In FM we are too often used to associate services with operational services (a big issue that moves FM form the strategic level), but the truth is that an organization has many more needs and covering them is part of Facility Management. Without getting into detail, space optimization, operational costs analysis or workspace impact on productivity are needs that must be covered and very seldom are identified as services.
Getting back to more usual issues, operational needs, those that we understand as services, change and we must align them as much as possible to their demands, which requires periodic adjustments. It is obvious that what a company needs or demands on the 1st of January it is not the same as what it might need or demand on December 31st. Changes in direction, markets or internal structures will make it necessary to keep that continuous improvement attitude within the operational activities model. This will imply decision-making and management activities during the life of the contract.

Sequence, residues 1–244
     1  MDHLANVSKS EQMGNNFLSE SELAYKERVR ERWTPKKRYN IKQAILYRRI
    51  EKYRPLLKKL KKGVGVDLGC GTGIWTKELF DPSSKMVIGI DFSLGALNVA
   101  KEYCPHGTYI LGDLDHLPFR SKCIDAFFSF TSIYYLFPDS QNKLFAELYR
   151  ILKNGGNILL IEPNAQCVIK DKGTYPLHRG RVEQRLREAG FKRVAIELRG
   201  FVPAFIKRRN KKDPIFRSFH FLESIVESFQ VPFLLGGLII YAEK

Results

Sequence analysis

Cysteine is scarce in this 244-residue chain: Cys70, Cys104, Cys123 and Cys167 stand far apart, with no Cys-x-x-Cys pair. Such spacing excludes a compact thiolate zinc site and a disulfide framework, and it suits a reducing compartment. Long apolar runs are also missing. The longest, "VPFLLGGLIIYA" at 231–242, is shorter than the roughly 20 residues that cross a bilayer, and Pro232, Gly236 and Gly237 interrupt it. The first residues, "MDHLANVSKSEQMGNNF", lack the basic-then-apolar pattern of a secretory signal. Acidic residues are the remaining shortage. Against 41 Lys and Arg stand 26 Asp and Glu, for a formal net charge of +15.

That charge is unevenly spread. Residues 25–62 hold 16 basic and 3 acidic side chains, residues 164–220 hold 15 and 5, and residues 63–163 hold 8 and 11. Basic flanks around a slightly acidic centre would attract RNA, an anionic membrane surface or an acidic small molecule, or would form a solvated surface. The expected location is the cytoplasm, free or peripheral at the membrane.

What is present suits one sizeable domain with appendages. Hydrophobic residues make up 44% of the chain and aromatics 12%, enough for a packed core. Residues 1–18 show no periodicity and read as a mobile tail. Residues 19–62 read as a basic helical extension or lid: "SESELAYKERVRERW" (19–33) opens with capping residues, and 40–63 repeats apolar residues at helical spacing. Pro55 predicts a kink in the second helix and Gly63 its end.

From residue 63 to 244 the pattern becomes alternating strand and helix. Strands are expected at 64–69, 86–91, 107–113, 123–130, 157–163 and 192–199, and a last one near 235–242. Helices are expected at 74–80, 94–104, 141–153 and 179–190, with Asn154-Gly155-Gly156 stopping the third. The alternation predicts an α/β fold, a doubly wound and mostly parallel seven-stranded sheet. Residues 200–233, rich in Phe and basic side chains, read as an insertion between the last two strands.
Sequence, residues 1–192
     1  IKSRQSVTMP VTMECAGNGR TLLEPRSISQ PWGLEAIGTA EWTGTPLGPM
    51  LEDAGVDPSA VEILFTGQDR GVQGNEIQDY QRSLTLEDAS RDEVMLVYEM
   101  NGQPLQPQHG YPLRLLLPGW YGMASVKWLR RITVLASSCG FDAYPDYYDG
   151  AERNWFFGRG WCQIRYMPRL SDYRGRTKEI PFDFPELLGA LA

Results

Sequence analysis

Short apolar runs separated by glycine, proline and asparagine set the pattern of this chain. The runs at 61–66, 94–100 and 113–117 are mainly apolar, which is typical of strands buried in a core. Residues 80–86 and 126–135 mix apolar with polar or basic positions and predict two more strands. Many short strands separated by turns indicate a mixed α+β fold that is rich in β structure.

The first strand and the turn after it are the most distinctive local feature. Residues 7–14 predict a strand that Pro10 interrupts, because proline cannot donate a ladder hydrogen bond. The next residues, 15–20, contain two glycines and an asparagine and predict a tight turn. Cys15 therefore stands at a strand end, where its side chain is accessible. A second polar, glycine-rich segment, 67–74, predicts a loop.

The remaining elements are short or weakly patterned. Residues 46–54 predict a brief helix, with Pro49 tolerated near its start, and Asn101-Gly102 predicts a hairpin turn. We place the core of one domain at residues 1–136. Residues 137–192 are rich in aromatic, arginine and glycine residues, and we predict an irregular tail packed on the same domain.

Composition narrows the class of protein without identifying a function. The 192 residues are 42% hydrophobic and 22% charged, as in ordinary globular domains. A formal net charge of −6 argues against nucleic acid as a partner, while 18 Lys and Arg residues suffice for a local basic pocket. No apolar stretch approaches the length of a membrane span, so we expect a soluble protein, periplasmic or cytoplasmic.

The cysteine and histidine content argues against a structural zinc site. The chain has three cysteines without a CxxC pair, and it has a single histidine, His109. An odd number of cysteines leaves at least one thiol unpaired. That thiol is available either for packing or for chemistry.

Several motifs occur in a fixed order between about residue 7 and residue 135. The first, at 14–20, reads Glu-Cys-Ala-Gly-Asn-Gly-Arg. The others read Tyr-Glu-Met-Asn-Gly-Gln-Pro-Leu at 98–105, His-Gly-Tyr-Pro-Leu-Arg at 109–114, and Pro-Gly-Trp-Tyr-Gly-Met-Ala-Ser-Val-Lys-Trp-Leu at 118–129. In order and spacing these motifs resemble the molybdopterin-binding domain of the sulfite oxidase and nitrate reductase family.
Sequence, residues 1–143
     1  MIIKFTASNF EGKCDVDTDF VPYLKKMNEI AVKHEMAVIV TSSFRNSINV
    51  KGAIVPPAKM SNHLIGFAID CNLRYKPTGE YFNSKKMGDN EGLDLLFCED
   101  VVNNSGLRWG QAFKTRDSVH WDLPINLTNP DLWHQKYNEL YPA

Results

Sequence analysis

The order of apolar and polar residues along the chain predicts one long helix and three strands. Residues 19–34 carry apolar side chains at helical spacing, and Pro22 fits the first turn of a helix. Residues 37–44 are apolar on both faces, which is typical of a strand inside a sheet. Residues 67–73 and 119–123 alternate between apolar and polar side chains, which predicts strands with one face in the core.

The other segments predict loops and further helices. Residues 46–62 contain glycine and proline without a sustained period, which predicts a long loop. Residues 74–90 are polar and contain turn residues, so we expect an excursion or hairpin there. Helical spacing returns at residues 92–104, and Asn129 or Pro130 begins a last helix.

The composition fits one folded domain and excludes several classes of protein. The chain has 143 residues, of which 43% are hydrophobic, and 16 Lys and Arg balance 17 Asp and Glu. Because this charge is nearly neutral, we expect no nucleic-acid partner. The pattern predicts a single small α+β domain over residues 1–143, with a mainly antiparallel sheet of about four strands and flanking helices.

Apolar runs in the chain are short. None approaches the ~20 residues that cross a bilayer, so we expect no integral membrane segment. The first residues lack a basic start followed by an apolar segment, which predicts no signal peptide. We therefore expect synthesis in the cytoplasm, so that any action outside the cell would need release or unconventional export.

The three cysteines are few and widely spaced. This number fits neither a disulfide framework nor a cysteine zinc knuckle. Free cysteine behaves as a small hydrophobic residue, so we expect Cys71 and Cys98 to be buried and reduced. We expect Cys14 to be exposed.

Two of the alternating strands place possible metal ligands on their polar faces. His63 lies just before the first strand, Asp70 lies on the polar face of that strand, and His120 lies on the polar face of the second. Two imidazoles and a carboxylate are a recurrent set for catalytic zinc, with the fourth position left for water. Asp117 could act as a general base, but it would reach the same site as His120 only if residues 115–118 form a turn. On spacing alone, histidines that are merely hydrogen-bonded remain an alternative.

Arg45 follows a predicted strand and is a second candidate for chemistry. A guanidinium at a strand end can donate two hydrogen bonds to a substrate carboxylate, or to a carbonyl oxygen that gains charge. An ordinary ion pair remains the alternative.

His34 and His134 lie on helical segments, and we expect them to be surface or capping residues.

Please note that, suppliers give what they are asked for, so we should be sure about what we want and, above all, we should define and communicate it properly. Management and provision models, their structure and composition always depends on what the client asks for, and the client should be assessed independently. If you need to buy your car fleet and you ask BMW, they won’t suggest that you buy Audi or Mercedes-Benz, he will advise you to buy his product.
The definition is the foundation of the model and it must be solid, since it will determine provision and the type of supplier. In the FM Masters program, module 6 is dedicated to Service Definition, but we will give now some guidelines in order to understand the future relationship with the different types of suppliers. To make it simpler, we can differentiate between an “S” (traditional Service) and an “SL” (Service Level) as it is shown in figure 1:
In both figures, the blue area represents the need to be covered, this is, the amount of resources that are necessary to satisfy the “service”. The part coloured in orange represents the decision-making area, what we call service management.